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BT Openreach Publish FINAL Dark Fibre Reference Offer for ISPs

Wednesday, November 30th, 2016 (2:33 pm) - Score 1,841

Openreach (BT) has today released their Final Draft Reference Offer for the new Dark Fibre Access (DFA) product, which is required by Ofcom and should give rival ISPs “physical access” to the operator’s existing fibre optic cables (i.e. allows them to “take direct control of the connection“).

The “Passive Remedy“, which allows BT’s rivals to install their own equipment at either end of the optical fibre within Openreach’s ducts, was demanded in Ofcom’s 2016 Business Connectivity Review (here and here). The regulator believes that it will deliver more market competition and may speed-up the roll-out of new broadband services around the UK (e.g. backhaul capacity to support new networks).

Naturally BT warns that the solution is a “flawed piece of regulation that introduces an unnecessary layer of complexity and will deter others from building their own fibre networks” and they’ve attracted support from other infrastructure builders, such as Virgin Media, Cityfibre and Zayo; Cityfibre has an active competition case against DFA (here).

Back in 2012 even Ofcom had their doubts about DFA, with the regulator warning that such a solution could “carry significant risks of worse outcomes, both for consumers and for effective competition, including adding costs and encouraging inefficient entry.” How times change.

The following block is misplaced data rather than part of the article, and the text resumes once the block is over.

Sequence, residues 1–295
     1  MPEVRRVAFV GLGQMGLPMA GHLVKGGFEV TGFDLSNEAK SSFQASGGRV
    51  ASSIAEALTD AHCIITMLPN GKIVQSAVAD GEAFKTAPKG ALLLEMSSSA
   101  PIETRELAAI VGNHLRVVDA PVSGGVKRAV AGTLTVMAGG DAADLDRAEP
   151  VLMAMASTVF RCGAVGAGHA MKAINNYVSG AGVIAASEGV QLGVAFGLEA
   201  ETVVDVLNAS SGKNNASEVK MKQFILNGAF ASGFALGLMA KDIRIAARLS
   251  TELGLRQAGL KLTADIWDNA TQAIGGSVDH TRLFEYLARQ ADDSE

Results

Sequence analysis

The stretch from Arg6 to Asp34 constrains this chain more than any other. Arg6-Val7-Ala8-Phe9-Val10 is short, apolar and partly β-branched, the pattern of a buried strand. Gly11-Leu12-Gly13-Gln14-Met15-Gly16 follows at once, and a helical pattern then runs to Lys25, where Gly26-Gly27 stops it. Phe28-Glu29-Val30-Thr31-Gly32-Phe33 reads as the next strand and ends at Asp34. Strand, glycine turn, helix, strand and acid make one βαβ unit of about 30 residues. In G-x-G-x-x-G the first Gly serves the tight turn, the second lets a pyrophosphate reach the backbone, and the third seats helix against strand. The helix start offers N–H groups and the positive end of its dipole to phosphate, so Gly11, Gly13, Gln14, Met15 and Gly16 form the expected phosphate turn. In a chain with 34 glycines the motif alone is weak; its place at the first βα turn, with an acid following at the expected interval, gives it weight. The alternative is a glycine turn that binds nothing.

Never the less Openreach published its first Draft Reference Offer in August 2016 (here), although a recent update from the Office of the Telecommunications Adjudicator noted that there were still disagreements over contract length (36 month term), Service Level Guarantees, Service Level Agreements for repair work, the price of an abortive visit and cancellation charges (here).

However we assume that some semblance of agreement must have been reached because Openreach has today published their Final Draft Reference Offer, which states that the DFA product will be available on a 12 month term (see contract). Mind you this is still a draft and the official product won’t be launched until 1st October 2017.

Geographic coverage

The regulated Dark Fibre Access product will be available, to all interested CPs, from product launch on 1 October 2017. It will be available on a national basis in the regulated areas, as laid down by Ofcom in their 2016 Business Connectivity Market review (BCMR). The regulated areas, as specified in the BCMR Statement, are the whole of the UK with the exception of Hull, Central London, Core routes and Data Centres.


Openreach Dark Fibre Access service offers an uncontended, unmonitored, unlit optical path over an end to end radial distance of up to 45km and a maximum route distance of 86km between two sites. This will be a passive service and no equipment will be provided to light the fibre provide, hence the reference to ‘dark fibre’ in the product title.

Product options

The service will be available with two variants, Standard and Local Access options, with both being able to be ordered as either a single fibre or fibre pair option, so depending on the overall active solution that customers are planning to operate they can choose the product variant that best suits their needs.